An elderly bureaucrat escapes the world to run a guest house on the banks of India’s holiest river, the Narmada, only to find he has made the wrong choice. Too many lives converge here. Among those who disturb his tranquility are a privileged young executive bewitched by a mysterious lover; a novice Jain monk who has abandoned opulence for poverty; a heartbroken woman with a golden voice; an ascetic and the child he has saved from prostitution. Through their stories A River Sutra explores the fragile longings of the human heart and the sacred power of the river.
Here is an interesting excerpt from the book:
A River Sutra is a folder or portfolio crammed with stories and anecdotes—folklore, legends, myths, narrated stories proliferate throughout this slim novel. The frame is, on first acquaintance, simple. An unnamed middle-aged senior (and powerful) bureaucrat, tired of work, retires to run a government rest house on the banks of the Narmada. He thinks of this stage of his life as the vanaprastha, the ancient Indian tradition of retiring to a forest to live like a hermit and contemplate spiritual matters following the end of the phase of fulfilling worldly obligations.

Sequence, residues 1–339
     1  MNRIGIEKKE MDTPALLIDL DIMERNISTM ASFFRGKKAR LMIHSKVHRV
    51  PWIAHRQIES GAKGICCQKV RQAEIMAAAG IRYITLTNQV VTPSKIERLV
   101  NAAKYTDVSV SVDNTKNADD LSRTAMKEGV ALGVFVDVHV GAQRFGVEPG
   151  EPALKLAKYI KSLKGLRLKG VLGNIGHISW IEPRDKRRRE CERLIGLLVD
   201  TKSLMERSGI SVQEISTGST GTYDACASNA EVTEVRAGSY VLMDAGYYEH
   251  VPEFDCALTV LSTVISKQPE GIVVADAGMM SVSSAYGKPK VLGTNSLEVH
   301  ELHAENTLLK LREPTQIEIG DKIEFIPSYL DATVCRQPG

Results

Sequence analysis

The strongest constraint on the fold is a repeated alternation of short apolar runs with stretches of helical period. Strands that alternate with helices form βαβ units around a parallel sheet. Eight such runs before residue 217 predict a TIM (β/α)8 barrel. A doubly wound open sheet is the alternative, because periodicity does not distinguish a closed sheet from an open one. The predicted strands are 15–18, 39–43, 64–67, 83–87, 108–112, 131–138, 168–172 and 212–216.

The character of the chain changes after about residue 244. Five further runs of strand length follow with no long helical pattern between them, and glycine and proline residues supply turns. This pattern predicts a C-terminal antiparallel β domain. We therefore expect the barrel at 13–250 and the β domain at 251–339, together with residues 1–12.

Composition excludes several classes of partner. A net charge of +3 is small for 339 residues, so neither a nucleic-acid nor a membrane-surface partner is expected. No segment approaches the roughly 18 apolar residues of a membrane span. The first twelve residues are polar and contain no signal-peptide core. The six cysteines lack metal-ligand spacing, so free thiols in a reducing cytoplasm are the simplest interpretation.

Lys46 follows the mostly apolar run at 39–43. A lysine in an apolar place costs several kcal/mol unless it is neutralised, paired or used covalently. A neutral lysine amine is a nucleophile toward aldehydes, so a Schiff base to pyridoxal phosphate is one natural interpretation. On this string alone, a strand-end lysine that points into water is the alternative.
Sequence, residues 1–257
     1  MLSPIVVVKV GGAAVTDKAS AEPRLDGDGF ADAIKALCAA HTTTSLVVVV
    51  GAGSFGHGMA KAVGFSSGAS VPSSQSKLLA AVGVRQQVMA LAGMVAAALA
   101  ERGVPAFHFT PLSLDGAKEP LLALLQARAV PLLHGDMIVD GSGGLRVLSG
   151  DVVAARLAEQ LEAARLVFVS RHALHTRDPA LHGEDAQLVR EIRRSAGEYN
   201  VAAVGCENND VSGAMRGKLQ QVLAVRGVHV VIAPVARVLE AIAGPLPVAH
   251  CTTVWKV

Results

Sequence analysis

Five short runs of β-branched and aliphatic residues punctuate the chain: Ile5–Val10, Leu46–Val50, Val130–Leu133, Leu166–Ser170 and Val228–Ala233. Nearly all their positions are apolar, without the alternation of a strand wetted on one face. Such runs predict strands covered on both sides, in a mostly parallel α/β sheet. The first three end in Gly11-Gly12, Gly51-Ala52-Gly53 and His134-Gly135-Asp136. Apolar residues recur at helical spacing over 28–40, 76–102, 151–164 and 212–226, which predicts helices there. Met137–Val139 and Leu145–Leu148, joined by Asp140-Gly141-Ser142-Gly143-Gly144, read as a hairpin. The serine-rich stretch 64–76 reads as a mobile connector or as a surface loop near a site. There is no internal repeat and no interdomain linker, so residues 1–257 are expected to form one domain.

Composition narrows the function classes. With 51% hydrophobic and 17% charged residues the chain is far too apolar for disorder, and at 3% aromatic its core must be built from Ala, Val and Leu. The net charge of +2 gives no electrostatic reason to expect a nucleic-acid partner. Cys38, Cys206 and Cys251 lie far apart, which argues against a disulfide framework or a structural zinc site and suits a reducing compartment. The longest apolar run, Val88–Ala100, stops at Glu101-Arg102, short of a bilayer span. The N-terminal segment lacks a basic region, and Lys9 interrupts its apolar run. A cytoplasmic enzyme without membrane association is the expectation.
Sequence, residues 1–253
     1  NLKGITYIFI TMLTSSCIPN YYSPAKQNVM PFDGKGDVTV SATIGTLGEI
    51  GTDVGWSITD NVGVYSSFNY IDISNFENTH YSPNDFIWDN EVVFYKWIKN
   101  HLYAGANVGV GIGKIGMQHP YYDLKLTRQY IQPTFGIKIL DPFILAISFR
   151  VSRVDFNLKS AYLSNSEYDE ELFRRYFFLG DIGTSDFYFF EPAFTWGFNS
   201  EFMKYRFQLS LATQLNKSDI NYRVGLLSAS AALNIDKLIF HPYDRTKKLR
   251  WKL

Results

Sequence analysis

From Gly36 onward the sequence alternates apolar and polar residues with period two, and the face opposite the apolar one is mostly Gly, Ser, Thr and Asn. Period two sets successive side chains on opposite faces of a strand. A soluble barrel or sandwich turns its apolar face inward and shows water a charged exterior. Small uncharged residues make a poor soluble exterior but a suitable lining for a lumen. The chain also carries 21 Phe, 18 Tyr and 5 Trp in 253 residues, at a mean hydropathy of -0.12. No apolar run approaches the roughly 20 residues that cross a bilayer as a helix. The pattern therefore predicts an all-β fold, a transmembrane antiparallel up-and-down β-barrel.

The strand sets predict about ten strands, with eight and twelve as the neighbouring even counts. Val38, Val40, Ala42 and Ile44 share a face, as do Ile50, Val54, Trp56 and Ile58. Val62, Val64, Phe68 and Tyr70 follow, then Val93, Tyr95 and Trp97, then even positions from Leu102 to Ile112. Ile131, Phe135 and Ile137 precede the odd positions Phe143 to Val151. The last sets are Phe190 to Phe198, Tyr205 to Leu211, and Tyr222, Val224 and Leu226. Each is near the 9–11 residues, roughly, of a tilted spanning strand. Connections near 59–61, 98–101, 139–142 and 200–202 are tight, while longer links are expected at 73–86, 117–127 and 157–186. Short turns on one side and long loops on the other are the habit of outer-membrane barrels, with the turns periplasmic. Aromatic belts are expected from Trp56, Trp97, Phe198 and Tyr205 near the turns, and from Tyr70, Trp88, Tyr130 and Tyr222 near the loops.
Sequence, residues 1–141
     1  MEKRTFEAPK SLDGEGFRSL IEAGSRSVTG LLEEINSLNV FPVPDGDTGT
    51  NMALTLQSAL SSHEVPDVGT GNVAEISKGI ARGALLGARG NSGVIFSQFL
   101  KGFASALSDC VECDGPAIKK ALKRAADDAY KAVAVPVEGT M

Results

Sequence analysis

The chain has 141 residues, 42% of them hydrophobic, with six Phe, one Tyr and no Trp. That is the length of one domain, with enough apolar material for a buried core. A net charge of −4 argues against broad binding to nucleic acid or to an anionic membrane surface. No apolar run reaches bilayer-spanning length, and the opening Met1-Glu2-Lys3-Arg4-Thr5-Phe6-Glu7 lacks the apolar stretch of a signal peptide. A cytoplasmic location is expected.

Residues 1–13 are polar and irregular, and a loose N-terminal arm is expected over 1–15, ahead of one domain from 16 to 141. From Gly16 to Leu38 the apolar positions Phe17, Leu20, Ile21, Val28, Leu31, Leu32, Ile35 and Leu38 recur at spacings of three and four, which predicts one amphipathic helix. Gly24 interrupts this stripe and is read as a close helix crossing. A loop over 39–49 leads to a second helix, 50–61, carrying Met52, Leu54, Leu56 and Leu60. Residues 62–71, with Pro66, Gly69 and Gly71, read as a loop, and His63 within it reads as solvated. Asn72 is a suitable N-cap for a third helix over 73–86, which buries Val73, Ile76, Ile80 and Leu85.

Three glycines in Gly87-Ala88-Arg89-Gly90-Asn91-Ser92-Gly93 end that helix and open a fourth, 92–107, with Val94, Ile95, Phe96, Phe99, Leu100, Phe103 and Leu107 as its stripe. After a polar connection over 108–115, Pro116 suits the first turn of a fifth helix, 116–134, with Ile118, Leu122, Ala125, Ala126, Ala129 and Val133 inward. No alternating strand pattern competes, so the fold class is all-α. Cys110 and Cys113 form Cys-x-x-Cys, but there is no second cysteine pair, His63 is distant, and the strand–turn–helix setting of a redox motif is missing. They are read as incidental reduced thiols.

In his walks around the beautiful setting—lovingly and evocatively depicted by Mehta—and in his life as the manager of a guest house, he comes in contact with a number of people who tell him stories. Mehta is ingenious about how these encounters come about so as to keep the connection with the frame as seamless and credible as possible.
There is a diamond trader who has become a Jain monk, renouncing extraordinary wealth for a life of extreme poverty and hardship. There is a music teacher who is given charge of a poor blind boy with an
ethereal voice and a preternatural musical talent. A courtesan comes our narrator’s way while searching for her daughter, who has been abducted by the most infamous bandit in the Vindhyas.
Another chapter, which I can only call a story of erotic possession and subsequent exorcism, centres on a high-flying city executive who has a mysterious relationship with a tribal woman. There is the story of an ascetic, a Naga sanyasi, who saves a child from prostitution and brings her up in caves and jungles, teaching her how to become a traditional Narmada minstrel who sings of the great river.
This final story will be of particular relevance to the spiritual education of our narrator and will also contain a twist that will have a bearing on the novel’s structure, particularly on the relationship between the frame and the inset tales. With the exception of this final story, most of the inset narratives have tragic, and often shocking, ends.
Through their stories A River Sutra explores the fragile longings of the human heart and the sacred power of the river.